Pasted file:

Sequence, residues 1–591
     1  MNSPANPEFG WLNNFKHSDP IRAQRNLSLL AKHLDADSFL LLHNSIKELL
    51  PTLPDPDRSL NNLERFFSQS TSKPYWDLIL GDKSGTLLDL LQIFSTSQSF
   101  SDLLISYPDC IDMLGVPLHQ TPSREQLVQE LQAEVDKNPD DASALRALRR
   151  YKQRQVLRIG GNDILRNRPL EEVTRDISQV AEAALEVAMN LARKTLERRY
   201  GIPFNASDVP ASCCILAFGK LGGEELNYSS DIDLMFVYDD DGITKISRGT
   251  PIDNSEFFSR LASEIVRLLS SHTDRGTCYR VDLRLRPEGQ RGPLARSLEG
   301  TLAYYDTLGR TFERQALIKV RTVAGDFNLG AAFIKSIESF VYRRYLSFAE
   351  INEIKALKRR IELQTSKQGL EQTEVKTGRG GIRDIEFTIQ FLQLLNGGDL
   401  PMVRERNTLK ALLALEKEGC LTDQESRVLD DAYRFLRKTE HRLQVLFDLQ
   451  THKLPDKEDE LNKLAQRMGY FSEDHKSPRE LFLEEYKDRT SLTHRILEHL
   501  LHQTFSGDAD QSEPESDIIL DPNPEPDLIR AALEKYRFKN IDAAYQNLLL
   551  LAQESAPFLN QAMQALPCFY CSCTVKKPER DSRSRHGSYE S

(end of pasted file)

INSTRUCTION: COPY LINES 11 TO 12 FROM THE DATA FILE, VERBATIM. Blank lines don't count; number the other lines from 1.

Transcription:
   451  THKLPDKEDE LNKLAQRMGY FSEDHKSPRE LFLEEYKDRT SLTHRILEHL
   501  LHQTFSGDAD QSEPESDIIL DPNPEPDLIR AALEKYRFKN IDAAYQNLLL